Frank Würthwein is the executive director of the Open Science Grid, which facilitates access to high-throughput computing in the United States. On a recent visit to Fermilab, he gave a talk on the outlook for OSG now that it has reached its 10-year anniversary.
In your recent talk at Fermilab you talked about how Open Science Grid is entering into “teenagehood.” What do you see as OSG’s goals for the next decade?
We’ve always wanted to be open to all of science, but in the first five or six years, the focus was entirely on getting the LHC to work well. We’ve since demonstrated successfully what we had always claimed — whatever we do for the LHC will also be useful generically, because computers don’t care what the bytes are that they compute on or the programs that they run. We now have data to show that OSG benefits all of science.
The next big challenge in the adolescent years is to have the same kind of success not just in broadening across all of science, but also across all types of institutions. OSG would like to be open to anyone from small colleges to leadership-scale facilities in computing. As a crude estimate, that means gigaflops to exaflops, gigabytes to exabytes — six orders of magnitude. Ultimately we want to manage this range of scale because we want to democratize access to computing. A PI at a small college with a bright idea should be able to consume significant resources and get great science done. They shouldn’t be limited by the fact that their institution can’t afford to buy them a huge cluster.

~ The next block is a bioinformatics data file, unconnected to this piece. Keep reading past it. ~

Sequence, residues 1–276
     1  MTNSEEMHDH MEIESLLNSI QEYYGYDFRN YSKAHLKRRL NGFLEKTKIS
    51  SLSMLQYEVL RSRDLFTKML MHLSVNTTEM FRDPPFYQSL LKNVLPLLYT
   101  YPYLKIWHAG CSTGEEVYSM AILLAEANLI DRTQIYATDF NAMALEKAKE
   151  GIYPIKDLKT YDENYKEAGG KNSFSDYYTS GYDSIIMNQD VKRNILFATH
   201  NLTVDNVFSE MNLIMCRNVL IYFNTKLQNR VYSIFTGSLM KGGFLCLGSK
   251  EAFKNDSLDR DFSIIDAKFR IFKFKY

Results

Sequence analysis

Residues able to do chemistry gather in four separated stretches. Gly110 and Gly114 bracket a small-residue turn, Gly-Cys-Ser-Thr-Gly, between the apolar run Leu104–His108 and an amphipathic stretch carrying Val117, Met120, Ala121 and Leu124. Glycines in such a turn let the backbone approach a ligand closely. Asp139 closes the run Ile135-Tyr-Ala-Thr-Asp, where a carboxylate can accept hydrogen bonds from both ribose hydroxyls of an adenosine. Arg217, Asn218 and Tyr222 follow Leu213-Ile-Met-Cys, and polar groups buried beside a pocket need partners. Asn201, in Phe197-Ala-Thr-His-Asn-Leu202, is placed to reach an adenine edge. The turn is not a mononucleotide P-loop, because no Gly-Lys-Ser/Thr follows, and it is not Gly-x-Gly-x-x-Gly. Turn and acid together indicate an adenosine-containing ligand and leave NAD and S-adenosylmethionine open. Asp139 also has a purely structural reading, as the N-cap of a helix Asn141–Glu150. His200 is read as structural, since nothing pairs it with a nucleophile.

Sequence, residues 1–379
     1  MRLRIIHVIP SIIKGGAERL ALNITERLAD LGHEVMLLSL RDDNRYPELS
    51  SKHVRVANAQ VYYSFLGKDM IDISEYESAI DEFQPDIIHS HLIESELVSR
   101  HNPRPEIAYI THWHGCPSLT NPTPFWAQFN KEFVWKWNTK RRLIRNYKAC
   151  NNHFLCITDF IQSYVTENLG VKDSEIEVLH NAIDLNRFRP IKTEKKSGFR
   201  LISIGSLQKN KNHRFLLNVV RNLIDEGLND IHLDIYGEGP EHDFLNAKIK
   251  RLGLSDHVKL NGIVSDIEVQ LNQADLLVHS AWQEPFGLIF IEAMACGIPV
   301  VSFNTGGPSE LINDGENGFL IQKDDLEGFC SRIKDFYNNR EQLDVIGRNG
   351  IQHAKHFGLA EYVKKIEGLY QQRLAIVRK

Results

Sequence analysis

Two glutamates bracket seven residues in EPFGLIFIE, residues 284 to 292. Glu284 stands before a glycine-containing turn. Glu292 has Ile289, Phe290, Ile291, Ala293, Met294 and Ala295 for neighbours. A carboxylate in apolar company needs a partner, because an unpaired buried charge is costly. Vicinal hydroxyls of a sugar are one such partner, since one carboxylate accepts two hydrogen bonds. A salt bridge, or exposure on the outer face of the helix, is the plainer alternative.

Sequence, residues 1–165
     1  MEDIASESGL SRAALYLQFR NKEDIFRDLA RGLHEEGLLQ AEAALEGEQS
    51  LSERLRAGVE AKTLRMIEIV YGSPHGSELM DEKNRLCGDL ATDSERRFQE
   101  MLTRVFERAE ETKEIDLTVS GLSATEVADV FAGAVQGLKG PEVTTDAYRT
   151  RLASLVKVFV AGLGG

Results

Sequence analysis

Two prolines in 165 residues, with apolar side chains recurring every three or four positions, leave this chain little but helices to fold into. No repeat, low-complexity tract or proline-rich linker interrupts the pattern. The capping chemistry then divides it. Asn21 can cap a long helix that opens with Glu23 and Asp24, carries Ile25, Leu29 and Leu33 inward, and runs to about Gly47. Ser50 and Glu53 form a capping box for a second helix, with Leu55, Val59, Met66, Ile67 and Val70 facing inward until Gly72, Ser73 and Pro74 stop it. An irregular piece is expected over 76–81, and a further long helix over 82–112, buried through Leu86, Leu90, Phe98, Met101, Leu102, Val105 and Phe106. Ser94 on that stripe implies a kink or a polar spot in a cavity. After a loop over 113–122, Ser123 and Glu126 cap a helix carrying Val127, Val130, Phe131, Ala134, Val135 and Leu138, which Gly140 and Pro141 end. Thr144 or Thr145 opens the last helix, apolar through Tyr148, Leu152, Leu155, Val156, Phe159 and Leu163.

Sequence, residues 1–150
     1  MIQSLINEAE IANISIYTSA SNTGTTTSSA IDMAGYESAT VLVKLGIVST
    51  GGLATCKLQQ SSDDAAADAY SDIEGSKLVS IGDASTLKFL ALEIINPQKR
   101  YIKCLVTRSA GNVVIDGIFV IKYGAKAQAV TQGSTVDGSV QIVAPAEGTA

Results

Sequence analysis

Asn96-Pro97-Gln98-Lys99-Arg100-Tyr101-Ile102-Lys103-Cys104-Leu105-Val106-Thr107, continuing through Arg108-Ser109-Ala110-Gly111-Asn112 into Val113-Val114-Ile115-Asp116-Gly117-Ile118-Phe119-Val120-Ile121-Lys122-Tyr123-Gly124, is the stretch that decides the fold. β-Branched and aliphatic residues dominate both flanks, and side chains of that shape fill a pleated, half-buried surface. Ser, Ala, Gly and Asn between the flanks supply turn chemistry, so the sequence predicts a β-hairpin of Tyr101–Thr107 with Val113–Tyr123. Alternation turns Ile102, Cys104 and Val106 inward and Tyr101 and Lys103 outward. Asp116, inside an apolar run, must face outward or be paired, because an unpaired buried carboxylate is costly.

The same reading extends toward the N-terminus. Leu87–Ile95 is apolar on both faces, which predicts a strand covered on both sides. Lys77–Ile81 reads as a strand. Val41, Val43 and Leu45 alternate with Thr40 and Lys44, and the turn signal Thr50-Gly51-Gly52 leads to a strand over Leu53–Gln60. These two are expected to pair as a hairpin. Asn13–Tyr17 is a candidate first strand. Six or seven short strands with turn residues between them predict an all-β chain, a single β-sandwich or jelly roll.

OSG connects researchers and institutions through high-throughput computing. How else can researchers benefit from OSG?
We see an opportunity not just to enable science by having resources and connecting things up and doing plumbing, but to produce our own data. The use of OSG in itself, and its performance characteristics, all of this data that we can take and traditionally have not made available or even collected in a coherent fashion — there could be a science interest in that data. We’re starting to think about how OSG can become a data creator and not just an access provider. OSG five years from now might be an interesting big-data platform for doing computer science analysis of what the sciences do. And people might be writing papers on our data.
What are OSG and Fermilab’s future plans for collaborating on computing?
One of the high-priority projects Fermilab’s Scientific Computing Division [SCD] is focusing on right now is the HEP Cloud Facility. Fermilab could be in a position where not all the hardware it needs is on the Fermilab campus. It could transparently use hardware that is here, hardware that is available anywhere on OSG, collaborating with high-performance computing facilities at DOE and NSF, and hardware that it purchased from cloud providers, so that you have a way to have a service-oriented structure as the interface to the facility. Not all the hardware has to be owned by or operated by people on Fermilab payroll. That maps very well onto the objectives of OSG.
SCD and OSG want to accomplish the same thing for this work. Our vision has always been to have transparent computing across the entire nation along multiple lines of policies, computing on things you own, your friends want to share with you, the nation wants to share with you and where you have an allocation. Also computing that you buy. All of this should be transparent. That’s exactly the same objective that HEP Cloud has. That will be a big driver of what OSG and Fermilab are going to do together in the next several years.